Arizona State wrestler Anthony Robles is proving you can be a competitive and successful athlete regardless of anatomical issues. The 5’8″ senior from Mesa Arizona is a two-time All American and three-time All Pac-10 wrestler at 125 pounds despite having just one leg. He’s reached the semifinals of the NCAA tournament after beating Steven Keith of Harvard 15-0 on Thursday in the Round of 16 and Oklahoma’s Jarrod Patterson 9-3 earlier on Friday in the quarterfinals. He’s set to face Ben Kjvar of Utah Valley in his next match while the championship match is scheduled for Saturday.
Robles entered the tournament as the top seed in his weight class and has improved his record to 35-0. The two-time state champion in high school looks to add the title of national champion to his resume to close out his career. He has 120 career wins which places him 8th on Arizona State’s all-time wins list, and his 31 bonus point victories on the season helped him surpass UFC heavyweight champion Cain Velazquez’s record of 30.
Robles is able to maintain a low stance on the mat and he uses it to successfully shoot and pin his opponents. Off the mat, he uses crutches to get around. He has exceptional upper body strength, and some people feel that the lack of a leg has allowed him to weigh more and be stronger than the rest of his competition in the upper body, actually serving as an advantage.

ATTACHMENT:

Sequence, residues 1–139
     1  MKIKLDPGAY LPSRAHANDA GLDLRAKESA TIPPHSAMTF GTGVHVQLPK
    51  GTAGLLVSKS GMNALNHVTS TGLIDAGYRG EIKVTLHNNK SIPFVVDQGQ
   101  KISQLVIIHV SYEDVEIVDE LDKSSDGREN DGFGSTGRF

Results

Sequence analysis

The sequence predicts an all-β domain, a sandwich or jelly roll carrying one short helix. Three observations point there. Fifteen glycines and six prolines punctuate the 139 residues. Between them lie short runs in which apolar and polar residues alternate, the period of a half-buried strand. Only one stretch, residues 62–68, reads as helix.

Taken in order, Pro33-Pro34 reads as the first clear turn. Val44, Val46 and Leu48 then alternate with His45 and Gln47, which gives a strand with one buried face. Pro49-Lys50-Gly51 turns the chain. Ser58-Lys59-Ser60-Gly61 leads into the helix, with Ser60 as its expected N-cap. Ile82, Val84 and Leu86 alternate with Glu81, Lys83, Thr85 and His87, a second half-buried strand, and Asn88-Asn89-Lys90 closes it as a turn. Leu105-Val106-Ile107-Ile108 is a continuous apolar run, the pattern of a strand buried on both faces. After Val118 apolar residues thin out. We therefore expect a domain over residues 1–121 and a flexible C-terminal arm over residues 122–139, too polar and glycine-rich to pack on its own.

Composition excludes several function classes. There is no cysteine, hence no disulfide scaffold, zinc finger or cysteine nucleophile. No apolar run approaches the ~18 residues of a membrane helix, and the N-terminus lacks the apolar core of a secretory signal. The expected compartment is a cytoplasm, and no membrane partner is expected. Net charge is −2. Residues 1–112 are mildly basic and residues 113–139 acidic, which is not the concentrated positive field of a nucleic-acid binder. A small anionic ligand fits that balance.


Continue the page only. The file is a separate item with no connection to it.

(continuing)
To see Robles in action, check out this video from the Pac-10 Championships:
The Tuscon Citizen also points out that Robles is not the first successful wrestler to be born without certain limbs. They listed three other wrestlers who have overcome circumstances to win on the mat:
- Dock Kelly, born without part of his right hand and his right leg, competed in the 1996 NCAA Division I championships for North Carolina-Greensboro.
- Nick Ackerman, who lost both legs below the knees as a child due to bacterial meningitis, was 174-pound champion at the 2001 Division III finals. He wrestled for Simpson (Iowa).
- Kyle Maynard, born without hands or feet, qualified for the Georgia high school championships in 2004.
Not surprisingly, Robles says he plans to be a motivational speaker when he’s done wrestling “Really, this is my last year of wrestling, and if there’s one message I can get out to those younger kids it’s just go after your dreams. Don’t let anybody stop you.” It’s a fantastic message from someone who is getting it done regardless of his circumstance.
Robles certainly has some fans here at LBS who will be pulling for him, but something tells me he won’t need any extra support — the guy can get it all done on his own.
AP Photo courtesy FOXSports.comGoogle+